And remember, in pregnant women you have TWO patients to consider and what affects mom affects baby, sometimes in an exaggerated way! Just watch what a small drop in maternal blood pressure as in epidural anesthesia, can do to fetal heart tones, if you doubt me.

    FAMILY MEMBERS--- who think labor/deliver are spectator sports. visiting hours don't apply in OB and they come and go at all hours. IT is the MOST frustrating part of my job, dealing with family members and friends who insist on parking themselves in our hallways, doorways, everywhere, where we have to step over them, just to get a "peek" or hear "something"...........As much as I understand their desire to be there this can drive me nuts! Like I said, visiting hours are ignored on OB, no kicking em out unless they get truly hazardous or dangerous.

    The doctors can be horrendous/heinous in their treatment of us........their hours are horrid and it shows. But then, this can be said of ANY unit, I would bet.

    The WORST part of my job to me? Dealing with fetal/pregnancy losses, hands-down. It's the absolute most heart-wrenching and painful part of what I do. I recommend anyone considering perinatal nursing attend some REALLY excellent grief and infant/pregnancy loss workshops, esp for healthcare providers. You will NEED them. These cases sadden and break my heart even when I TRY to keep professional and personal life seperate. You will have to deal with these from time to time, and it never gets easier, ever.

    Hope this helps some. They are just MY opinion, of course as a 7 year OB nurse, one who is also a mom and suffered some pregnancy losses.
    Aloha,

    I totally agree with your assessment! I am an L&D RN and proud of it! An old timer RN told me once dealing with fetal demises is the price we pay for the most awesome job in the world we have to do. I had to think about that one, and am inclined to agree.

    Aloha,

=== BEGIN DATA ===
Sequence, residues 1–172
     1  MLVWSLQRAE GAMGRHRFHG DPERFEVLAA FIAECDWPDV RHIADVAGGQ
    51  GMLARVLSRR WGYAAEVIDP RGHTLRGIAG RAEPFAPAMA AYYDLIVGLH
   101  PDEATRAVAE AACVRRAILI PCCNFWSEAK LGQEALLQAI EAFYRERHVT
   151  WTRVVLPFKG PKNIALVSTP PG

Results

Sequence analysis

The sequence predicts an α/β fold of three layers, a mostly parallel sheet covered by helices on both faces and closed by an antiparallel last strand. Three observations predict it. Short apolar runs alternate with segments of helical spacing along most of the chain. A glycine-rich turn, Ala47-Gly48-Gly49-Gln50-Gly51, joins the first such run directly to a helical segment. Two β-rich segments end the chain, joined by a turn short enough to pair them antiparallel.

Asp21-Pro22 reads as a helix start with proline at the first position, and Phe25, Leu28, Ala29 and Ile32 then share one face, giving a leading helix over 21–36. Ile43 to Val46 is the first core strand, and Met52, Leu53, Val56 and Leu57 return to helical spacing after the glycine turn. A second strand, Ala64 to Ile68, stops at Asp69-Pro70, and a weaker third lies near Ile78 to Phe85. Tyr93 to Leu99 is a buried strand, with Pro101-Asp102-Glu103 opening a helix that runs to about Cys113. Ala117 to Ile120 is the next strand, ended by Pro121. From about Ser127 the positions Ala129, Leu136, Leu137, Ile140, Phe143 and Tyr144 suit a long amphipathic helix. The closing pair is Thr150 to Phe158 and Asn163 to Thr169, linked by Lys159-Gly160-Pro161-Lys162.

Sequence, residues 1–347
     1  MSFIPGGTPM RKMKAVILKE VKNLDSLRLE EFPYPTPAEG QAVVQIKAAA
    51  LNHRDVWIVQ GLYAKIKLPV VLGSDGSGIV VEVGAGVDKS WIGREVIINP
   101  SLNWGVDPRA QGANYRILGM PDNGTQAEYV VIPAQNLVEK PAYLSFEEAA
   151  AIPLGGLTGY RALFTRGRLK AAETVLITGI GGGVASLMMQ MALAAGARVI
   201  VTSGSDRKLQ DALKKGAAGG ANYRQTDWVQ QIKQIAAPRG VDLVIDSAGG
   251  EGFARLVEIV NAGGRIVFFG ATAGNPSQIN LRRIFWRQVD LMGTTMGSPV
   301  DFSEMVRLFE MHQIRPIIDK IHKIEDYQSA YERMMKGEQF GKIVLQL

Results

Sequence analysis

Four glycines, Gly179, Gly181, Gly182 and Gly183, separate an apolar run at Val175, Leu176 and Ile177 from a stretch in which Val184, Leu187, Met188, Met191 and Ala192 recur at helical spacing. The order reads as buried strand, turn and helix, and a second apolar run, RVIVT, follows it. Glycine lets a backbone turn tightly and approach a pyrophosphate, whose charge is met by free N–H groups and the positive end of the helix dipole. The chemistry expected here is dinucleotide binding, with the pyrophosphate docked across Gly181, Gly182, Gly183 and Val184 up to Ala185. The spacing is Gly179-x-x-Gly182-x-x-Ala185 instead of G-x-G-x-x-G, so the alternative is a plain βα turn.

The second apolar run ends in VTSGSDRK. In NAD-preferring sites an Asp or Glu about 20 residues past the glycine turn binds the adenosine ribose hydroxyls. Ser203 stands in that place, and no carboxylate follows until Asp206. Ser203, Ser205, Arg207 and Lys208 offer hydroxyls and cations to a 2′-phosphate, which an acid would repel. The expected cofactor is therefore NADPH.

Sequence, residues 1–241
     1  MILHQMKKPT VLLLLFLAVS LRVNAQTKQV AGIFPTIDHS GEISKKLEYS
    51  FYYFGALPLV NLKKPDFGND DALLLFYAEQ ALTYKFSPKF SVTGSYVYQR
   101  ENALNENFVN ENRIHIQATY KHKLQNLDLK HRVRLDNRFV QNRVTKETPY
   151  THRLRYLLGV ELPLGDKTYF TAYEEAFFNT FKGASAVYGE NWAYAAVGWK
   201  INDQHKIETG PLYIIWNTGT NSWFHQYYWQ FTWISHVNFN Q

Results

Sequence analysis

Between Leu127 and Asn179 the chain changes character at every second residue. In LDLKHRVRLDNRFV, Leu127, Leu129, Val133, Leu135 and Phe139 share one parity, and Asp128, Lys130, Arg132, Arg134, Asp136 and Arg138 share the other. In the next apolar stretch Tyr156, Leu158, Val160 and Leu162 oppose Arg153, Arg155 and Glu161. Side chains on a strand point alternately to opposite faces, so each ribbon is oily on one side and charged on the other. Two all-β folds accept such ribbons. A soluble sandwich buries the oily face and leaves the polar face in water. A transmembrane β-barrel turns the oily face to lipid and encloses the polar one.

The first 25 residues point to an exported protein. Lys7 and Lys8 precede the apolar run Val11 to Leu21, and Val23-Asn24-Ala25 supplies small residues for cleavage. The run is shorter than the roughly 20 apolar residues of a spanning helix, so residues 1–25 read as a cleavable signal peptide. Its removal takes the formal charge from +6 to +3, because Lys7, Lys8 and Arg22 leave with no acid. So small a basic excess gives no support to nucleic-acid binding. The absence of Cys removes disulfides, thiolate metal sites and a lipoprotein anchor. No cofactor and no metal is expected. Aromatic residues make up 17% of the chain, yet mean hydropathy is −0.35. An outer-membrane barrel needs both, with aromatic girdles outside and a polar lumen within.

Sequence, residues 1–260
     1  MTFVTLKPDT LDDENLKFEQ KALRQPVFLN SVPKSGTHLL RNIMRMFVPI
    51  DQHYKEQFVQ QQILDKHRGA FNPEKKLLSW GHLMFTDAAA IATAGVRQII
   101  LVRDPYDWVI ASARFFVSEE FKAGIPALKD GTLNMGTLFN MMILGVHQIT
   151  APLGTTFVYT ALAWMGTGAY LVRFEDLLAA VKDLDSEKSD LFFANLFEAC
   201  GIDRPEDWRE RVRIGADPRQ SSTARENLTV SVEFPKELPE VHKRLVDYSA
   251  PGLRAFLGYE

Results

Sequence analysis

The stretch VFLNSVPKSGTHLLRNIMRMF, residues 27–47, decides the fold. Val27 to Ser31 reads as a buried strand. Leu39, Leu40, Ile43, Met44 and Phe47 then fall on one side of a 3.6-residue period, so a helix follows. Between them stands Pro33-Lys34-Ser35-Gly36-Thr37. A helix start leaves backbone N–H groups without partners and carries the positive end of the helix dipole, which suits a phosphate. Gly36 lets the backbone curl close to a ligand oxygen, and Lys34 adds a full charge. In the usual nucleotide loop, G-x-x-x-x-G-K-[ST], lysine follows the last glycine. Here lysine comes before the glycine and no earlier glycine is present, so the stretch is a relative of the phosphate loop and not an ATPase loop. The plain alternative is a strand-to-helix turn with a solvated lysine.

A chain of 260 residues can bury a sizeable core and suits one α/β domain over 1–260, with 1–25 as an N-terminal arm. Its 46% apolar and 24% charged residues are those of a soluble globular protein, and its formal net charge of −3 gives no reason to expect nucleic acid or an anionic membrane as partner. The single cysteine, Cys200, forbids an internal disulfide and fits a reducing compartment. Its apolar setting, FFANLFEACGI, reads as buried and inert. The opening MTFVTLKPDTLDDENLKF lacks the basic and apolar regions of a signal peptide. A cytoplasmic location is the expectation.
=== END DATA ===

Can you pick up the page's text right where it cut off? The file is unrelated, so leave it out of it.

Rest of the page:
Tammy
  8. by   palesarah
    Quote from SmilingBluEyes

    Pro's:


    Families often bring us GOODIES!!! I have been treated to pizza, cake, candy, popcorn, chocolates, breakfasts, muffins, Krispy Kreme's, WHOLE CHINESE DINNERs, you name it. Their gratitude sometimes is overwhelming.
    Y'know, sometimes I think that belongs unders the "cons" :chuckle

    I'm having such a hard time keeping the extra pounds off with all those goodies available!
  9. by   Energizer Bunny
    I was kinda thinking the same thing about the goodies, since I have lost 34 pounds (just weighed today!!! wooohooo!) and have 50 more to go! LOL
  10. by   CardioTrans
    Well, I guess I will get to see the pros and the cons soon enough! I went and talked with the nurse manager about the position she had called me about the other day. I was offered the position, 7/7, 3-11, and get this: at almost $5/hr MORE than what Im making now as a supervisor in home care! She gave me the rate, and asked if that was comparable with what I was making and if that would be acceptable. I must have had this shocked look on my face because her next words were "Please dont tell me thats more than you make as a supv." Im excited and nervous all at the same time. The position will cross train between post partum, L&D, and the nursery. All of which I have never done before, but have been a nurse for almost 11 yrs. Now if I can find some resources to be looking over while Im working out my notice. Anyone know of any???????
  11. by   BabyRN2Be
    Since it's late, I'll list my pros and cons tomorrow when I'm not so sleepy. But I'll give you an idea now, CNM - why not think of becoming a doula? You'll get a good look at OB practices. No, you won't have the prestige associated with an RN or a CNM, but the training is fairly inexpensive, not as time consuming, and you'll get a front row view of what labor and delivery is really like. It's not a lot of money down the drain, and it looks good on applications later on. PM me if you want more info.
  12. by   Shed13911
    Way to go on the weight loss! We all know how hard that can be! What did you do diffrently? Care to share your secrets? LOL!!!!!!
    Last edit by Shed13911 on May 27, '04
  13. by   Energizer Bunny
    Thanks...simple....just healthy eating and exercise. REally, that's it. I was obsessive about it at first but now I have relaxed and I am still losing...so that's my story and I'm sticking to it! LOL!
  14. by   Energizer Bunny
    CardioTrans..congrats on the job!

    BabyRN2BE...doulas are very, very, very rarely used around here! I had looked into it in the past but it's just not something that our area really supports. I am thinking that once school starts, if I can find any additional time that I could possibly work out a night or two of volunteer work on the unit, that would help me to see what it's really like. We are in such a rural sort of area that there isn't a lot of opportunity here. I soooo can't wait to get out of school and move away from here! LOL!